Sasse Vision Talks: America’s Political Parties Suffer a ‘Crisis of Political Vision’

College students are talking about robots and the role they will play in America’s future. The political parties are fighting over whether to make America Europe again or make America 1950 again.

No wonder young people are largely disinterested in the debate in Washington, concluded Sen. Ben Sasse, R-Neb.

“Neither of these (conversations) is very interesting,” Sasse said recently, telling an audience in Washington, D.C., that the major political parties in America would be considered failed enterprises if looked at from a business perspective.

“Both parties have a massive vision problem about what we need to accomplish in our time and place,” he said.  This problem is “a crisis of political vision that flows partly from the fact that we have two exhausted political parties right now. We have a conversation in Washington that is really stultifying relative to the vibrancy and vitality of the American people and relative to the magnitude of the challenges we face right now, and what really needs to be accomplished in our time,” Sasse said.

Sasse was speaking during the latest Vision Talks, a series of conversations convened by the American Enterprise Institute that puts together Washington policy insiders with social entrepreneurs, non-profits, and other enterprising organizations outside the Beltway.

Sasse described the other contributors to the most recent series of Vision Talks, including two men whose organizations help ex-inmates and disabled people find work, and a small business owner who challenged her state government to change the licensing requirements for hair braiders, as “heroic” in their efforts to live freely and independently while contributing to their communities.

These types of people and organizations are looking outside of Washington to create solutions that honor the dignity of all the natural rights of everybody, American ideals that are close to being extinguished if the political parties can’t change their respective directions, he said.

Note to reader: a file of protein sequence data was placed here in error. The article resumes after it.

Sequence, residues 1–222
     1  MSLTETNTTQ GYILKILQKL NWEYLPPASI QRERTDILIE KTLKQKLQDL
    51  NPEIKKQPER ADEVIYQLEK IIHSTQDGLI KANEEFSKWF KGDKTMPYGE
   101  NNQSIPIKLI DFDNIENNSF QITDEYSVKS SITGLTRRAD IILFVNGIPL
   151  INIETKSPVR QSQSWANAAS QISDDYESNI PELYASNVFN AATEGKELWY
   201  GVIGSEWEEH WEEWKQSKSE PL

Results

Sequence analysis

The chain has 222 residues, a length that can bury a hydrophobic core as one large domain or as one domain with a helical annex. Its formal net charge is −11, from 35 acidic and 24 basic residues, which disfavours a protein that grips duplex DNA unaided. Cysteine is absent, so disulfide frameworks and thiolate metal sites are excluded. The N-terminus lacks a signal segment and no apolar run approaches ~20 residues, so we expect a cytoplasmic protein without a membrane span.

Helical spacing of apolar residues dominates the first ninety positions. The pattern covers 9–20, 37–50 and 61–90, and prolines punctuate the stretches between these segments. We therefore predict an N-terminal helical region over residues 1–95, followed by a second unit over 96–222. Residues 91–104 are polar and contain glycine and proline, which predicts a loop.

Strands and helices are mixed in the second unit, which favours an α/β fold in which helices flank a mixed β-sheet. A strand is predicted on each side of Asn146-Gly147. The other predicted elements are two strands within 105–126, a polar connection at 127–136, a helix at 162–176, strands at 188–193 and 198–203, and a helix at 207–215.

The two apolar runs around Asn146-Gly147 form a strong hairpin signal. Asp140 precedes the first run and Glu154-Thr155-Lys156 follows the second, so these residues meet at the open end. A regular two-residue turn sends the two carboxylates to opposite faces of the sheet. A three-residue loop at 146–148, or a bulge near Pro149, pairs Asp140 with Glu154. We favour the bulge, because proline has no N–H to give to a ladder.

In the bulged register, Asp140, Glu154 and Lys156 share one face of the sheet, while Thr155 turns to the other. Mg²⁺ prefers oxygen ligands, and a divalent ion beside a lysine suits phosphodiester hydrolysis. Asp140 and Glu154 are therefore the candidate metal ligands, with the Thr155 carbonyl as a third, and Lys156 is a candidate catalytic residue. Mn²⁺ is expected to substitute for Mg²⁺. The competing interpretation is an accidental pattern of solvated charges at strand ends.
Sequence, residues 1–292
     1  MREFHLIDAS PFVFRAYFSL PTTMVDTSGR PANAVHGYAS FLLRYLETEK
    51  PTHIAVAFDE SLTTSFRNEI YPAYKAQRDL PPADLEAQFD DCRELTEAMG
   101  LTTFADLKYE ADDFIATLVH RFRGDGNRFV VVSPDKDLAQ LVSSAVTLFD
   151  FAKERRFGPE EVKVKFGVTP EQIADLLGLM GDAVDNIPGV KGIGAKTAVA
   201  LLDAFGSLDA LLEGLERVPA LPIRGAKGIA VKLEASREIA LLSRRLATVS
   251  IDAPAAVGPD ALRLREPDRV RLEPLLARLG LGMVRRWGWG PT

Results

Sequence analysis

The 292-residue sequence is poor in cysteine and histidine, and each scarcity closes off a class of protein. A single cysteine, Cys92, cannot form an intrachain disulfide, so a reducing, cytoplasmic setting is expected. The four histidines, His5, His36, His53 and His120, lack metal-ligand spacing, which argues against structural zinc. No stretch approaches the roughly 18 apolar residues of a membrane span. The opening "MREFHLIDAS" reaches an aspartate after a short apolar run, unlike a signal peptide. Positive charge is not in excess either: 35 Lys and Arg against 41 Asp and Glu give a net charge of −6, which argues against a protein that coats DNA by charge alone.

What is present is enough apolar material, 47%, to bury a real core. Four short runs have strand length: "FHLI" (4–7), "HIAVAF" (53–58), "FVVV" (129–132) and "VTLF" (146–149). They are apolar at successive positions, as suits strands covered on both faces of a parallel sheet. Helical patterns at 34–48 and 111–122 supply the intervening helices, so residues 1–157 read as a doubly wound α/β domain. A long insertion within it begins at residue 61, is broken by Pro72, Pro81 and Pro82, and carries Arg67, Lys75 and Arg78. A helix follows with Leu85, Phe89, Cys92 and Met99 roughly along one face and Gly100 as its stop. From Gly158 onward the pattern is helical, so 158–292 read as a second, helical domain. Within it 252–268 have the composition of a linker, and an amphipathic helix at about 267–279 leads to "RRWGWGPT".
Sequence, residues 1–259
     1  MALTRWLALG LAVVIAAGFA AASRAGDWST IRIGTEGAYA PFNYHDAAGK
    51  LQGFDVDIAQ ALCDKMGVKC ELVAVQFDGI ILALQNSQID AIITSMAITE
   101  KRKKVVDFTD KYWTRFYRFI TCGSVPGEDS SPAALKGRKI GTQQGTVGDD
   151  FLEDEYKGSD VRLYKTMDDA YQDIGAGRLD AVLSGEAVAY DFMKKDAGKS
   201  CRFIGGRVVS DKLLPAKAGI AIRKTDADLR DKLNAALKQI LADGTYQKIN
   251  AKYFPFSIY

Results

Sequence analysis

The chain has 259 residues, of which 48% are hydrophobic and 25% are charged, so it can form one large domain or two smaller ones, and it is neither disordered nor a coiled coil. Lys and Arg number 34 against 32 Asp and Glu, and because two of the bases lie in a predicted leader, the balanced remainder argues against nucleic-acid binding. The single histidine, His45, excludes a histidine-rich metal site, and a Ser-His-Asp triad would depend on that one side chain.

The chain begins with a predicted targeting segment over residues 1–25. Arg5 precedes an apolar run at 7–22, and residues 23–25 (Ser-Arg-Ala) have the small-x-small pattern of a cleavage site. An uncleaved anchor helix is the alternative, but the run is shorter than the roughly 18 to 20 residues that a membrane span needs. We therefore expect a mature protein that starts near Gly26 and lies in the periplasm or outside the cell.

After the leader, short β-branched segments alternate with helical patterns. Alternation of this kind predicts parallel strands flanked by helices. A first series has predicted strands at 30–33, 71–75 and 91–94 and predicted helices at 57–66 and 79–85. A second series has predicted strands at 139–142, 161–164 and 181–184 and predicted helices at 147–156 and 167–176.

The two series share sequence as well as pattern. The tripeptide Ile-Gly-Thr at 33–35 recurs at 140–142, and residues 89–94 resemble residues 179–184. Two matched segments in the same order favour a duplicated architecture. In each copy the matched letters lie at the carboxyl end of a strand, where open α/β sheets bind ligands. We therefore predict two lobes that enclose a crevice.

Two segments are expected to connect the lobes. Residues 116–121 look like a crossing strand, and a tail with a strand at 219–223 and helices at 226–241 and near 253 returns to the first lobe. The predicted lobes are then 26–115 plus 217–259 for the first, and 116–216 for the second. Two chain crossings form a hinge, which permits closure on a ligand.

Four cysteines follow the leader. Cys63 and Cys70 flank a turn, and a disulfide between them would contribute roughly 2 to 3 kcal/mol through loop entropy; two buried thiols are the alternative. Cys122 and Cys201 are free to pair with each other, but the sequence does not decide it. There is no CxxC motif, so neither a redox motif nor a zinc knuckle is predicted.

Noting a Pew research study that found that 203 of the 230 largest metro areas in the nation — containing 75 percent of the U.S. population — have a shrinking middle class, Sasse said America’s political parties aren’t up to the task of laying down a vision for the future because they look at the new information economy using the lens of politics relevant to the industrial era.

Republicans “are suffering from a declining customer base, because root core Republican voters are dying. The Democrats don’t have the same customer base problem, but they have a massive product problem because the Democrats are still trying to pretend that if you just expand 1965 entitlement programs and the chassis of the federal government from 50 and 51 years ago, that somehow this is only three tinkers away from being a working system. It’s not true. The Democrats are trying to sell central planning in the age of Uber,” Sasse said.

The presidential candidates aren’t explaining to young people, the post-industrialist up and comers, solutions to address job market prospects in a rapidly changing economy.

“Jobs that are routinize-able, if that’s a word, and predictable, those jobs are going to become more and more rapidly disintermediated and disrupted. We’re going to need to create a completely different kind of conversation than we’ve ever had before, and our politics are not really up to that level of disruptive conversation.”

Fortunately, Sasse said, all is not lost. America still has a lot to offer, and it’s up to the people to take the opportunity during this upheaval to form the future.

“The distinction between politics and culture is really important. There’s a lot that’s broken in our politics, but there’s a lot about our culture that’s still hopeful. and there’s a lot to dream about and lot to try to recover, and culture is well upstream of politics. Politics is downstream from culture.”

Watch the entirety of Sasse’s remarks in AEI’s Vision Talks.